# Equation of a plane multipled by a constant.

1. Feb 21, 2012

### shamus390

1. The problem statement, all variables and given/known data
Given the points A(1,2,3) B(0,1,2) and C(2,3,-1) find:
a.) a vector perpendicular to the plane pi(A,B,C)
b.) the equation of the plane pi(A,B,C)

3. The attempt at a solution
a.) ∏<5,-5,0>
b.)∏(x-y)=∏

Am I incorrect in assuming that I would find the normal vector and plane equations as normal and multiply the result by Pi? The question seems counter-intuitive to me because couldn't Pi be factored out at anytime?

Last edited: Feb 21, 2012
2. Feb 21, 2012

### LCKurtz

I have never seen the notation Pi(A,B,C) for a plane. What does that mean? Do you mean the equation of the plane passing through the given three points? If so, $\pi$ doesn't have anything to do with it.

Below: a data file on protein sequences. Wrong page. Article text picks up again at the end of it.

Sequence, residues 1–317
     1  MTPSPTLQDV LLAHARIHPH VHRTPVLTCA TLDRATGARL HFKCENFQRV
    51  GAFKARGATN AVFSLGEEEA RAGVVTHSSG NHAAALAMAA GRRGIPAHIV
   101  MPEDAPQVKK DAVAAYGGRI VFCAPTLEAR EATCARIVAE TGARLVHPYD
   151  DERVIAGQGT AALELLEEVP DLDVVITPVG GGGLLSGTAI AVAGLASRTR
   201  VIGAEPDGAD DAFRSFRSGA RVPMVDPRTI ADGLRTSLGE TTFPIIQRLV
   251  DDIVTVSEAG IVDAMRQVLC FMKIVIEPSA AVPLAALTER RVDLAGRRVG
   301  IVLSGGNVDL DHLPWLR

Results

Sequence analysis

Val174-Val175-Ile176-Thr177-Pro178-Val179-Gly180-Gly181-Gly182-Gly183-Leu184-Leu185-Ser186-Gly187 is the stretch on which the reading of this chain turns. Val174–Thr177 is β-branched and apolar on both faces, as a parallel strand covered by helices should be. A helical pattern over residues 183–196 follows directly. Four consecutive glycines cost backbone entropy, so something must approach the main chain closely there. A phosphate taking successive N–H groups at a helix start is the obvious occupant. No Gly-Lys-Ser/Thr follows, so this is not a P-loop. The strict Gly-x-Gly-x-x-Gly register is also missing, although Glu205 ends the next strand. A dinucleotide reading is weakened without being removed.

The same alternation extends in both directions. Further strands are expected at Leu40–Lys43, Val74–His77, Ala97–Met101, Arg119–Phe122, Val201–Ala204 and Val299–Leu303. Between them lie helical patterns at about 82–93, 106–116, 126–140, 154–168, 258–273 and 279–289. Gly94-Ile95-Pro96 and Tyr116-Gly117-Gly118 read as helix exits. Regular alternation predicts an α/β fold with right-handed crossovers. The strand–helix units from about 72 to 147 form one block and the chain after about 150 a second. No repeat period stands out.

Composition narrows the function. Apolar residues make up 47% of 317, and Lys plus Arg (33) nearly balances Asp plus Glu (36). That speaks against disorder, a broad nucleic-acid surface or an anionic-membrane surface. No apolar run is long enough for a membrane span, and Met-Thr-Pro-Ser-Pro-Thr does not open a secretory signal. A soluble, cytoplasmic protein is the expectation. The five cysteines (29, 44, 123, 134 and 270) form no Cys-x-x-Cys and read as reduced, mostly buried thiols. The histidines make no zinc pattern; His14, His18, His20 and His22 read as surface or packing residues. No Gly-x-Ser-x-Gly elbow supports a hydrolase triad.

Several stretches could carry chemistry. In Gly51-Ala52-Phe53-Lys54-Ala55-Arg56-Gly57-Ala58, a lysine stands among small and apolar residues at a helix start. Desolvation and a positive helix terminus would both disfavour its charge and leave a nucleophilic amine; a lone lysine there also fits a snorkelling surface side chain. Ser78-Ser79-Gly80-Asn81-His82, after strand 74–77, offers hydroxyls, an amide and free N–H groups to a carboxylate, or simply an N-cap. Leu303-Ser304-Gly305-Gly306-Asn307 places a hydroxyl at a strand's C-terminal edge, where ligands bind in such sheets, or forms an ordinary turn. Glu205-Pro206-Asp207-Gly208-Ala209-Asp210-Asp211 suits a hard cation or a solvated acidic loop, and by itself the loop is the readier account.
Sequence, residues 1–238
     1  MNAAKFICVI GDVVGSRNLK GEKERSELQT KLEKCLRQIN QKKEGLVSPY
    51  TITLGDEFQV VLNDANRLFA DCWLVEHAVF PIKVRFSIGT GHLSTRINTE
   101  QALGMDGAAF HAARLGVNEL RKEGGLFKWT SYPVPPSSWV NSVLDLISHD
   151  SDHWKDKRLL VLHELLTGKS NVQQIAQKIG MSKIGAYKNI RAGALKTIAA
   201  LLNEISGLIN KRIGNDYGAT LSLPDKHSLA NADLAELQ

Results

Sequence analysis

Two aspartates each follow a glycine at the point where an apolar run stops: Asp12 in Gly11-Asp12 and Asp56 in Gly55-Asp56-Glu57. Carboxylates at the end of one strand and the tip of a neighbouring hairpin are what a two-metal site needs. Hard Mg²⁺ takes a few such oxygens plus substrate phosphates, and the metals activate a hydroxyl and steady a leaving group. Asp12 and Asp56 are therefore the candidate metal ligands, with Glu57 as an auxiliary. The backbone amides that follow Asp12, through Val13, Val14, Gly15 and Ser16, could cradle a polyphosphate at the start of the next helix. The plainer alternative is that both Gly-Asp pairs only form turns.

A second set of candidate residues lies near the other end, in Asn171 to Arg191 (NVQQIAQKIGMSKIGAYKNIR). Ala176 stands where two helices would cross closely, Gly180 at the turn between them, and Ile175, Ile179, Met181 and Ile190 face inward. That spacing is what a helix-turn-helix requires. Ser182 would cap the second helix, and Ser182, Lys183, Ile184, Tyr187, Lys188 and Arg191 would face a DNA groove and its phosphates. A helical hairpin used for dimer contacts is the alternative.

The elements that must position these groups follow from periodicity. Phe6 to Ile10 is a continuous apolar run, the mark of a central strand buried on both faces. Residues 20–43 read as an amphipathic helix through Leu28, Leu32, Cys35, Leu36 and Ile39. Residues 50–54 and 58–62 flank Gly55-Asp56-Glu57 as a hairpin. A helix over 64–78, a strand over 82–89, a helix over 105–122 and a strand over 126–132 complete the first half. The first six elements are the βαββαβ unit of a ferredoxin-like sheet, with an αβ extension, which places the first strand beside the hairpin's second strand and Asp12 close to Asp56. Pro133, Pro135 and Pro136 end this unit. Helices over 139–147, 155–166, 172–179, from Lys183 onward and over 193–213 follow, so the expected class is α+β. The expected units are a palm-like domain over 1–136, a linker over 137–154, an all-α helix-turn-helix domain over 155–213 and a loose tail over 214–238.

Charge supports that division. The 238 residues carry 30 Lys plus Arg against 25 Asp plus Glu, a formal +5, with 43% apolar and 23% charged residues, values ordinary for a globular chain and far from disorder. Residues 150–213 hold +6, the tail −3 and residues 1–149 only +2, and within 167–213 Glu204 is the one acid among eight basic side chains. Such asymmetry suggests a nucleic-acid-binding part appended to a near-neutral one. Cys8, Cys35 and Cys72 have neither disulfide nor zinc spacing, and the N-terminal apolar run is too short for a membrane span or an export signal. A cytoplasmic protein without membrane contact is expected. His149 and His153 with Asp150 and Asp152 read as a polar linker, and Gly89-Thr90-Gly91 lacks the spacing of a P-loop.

3. Feb 21, 2012

### Dick

I think the question is just using the notation 'pi(A,B,C)' to mean the plane through the points A, B and C. I don't think it's supposed to be the number pi.

4. Feb 21, 2012

### Staff: Mentor

I agree with Dick that ∏(A, B, C) is just notation that identifies a plane.

5. Feb 21, 2012

### shamus390

So essentially he is using ∏ to name the plane? Either I'm misunderstanding or this was a strange question (its from a review sheet for an exam Thursday).

Last edited: Feb 21, 2012
6. Feb 21, 2012

### Staff: Mentor

That's what Dick and I think. Instead of identifying it as P(A, B, C), the instructor used the equivalent Greek letter to (possibly) prevent you from thinking the P stood for "point."

7. Feb 21, 2012

### Dick

And the equation of your plane isn't quite correct in any event.

8. Feb 21, 2012

### shamus390

Ah, dropped the negative sign, is x-y=-1 correct?

9. Feb 21, 2012

### Dick

Yep.

10. Feb 21, 2012

### shamus390

Thanks to both of you.